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Tesla denies claim of 'unintentional acceleration' in cars

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Tesla denies claim of 'unintentional acceleration' in cars

Tesla Inc. said Jan. 20 that the petition claiming there is unintended acceleration in Tesla vehicles is "completely false," adding that it was brought by a Tesla short seller.

The U.S. National Highway Traffic Safety Administration said in the week of Jan. 13 that it will review the petition, which is seeking a probe into 500,000 Tesla vehicles over an alleged problem that may cause sudden unintended acceleration.

The review will include Tesla Model S vehicles made between 2012 and 2019, Model X made between 2016 and 2019, and Model 3 made in 2018 and 2019, according to the NHTSA.

Tesla said it investigates all incidents of alleged sudden unintended acceleration and that in every case, the company confirmed that the car operated as designed.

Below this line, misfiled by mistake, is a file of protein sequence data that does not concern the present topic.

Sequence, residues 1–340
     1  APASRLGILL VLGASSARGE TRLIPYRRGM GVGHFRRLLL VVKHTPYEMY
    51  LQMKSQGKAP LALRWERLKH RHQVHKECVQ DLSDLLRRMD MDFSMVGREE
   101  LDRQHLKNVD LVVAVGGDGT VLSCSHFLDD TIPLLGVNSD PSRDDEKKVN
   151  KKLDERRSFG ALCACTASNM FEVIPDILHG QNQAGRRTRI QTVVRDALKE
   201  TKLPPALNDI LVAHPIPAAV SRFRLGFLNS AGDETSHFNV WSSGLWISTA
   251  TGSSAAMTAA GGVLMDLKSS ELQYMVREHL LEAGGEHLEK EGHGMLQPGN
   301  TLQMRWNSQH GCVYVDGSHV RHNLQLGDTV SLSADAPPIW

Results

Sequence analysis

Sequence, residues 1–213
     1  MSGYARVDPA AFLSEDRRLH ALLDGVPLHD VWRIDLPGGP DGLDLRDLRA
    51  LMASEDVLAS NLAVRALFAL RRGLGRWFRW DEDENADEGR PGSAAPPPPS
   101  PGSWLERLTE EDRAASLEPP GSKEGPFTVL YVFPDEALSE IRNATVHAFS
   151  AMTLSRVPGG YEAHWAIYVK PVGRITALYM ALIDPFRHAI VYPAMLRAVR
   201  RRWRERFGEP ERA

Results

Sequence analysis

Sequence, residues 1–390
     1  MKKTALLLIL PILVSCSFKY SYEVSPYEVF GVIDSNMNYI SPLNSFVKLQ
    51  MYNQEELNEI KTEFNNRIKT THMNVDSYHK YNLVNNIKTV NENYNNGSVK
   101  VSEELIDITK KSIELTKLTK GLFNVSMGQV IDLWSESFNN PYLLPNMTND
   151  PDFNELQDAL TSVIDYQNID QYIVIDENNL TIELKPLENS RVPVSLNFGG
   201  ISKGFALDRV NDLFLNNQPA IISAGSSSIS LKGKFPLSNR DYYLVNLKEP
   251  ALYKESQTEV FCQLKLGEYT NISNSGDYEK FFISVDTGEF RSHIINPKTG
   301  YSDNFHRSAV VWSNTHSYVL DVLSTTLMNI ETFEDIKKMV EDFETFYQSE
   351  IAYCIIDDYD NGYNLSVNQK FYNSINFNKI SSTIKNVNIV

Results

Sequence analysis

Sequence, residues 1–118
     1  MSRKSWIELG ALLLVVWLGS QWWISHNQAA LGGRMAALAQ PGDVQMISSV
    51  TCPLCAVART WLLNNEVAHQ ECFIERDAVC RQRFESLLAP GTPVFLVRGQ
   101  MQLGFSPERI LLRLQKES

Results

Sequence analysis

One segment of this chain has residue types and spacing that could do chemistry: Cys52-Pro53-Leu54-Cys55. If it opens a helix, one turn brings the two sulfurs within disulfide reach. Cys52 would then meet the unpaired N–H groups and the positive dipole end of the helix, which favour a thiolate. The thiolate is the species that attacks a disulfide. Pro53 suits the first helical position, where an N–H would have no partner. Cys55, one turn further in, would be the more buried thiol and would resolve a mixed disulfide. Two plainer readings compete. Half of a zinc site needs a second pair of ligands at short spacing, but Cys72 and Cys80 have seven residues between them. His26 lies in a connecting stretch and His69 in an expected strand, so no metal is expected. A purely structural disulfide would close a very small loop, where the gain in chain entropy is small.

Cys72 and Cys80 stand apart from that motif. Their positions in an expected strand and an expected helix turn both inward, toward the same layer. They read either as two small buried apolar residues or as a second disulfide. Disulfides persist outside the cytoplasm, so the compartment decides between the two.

"In other words, the car accelerates if, and only if, the driver told it to do so, and it slows or stops when the driver applies the brake," the company said.

In addition, Tesla said the accelerator pedals in its Model S, X and 3 vehicles have two independent position sensors, which allows the system to cut off motor torque when an error is detected. It also said applying the brake pedal simultaneously with the accelerator pedal will override the accelerator pedal input and cut off motor torque.

The company added that, over the past years, it has discussed with the NHTSA the majority of the complaints included in the petition. "In every case we reviewed with them, the data proved the vehicle functioned properly," Tesla said.

The NHTSA did not immediately respond to S&P Global Market Intelligence's request for comment.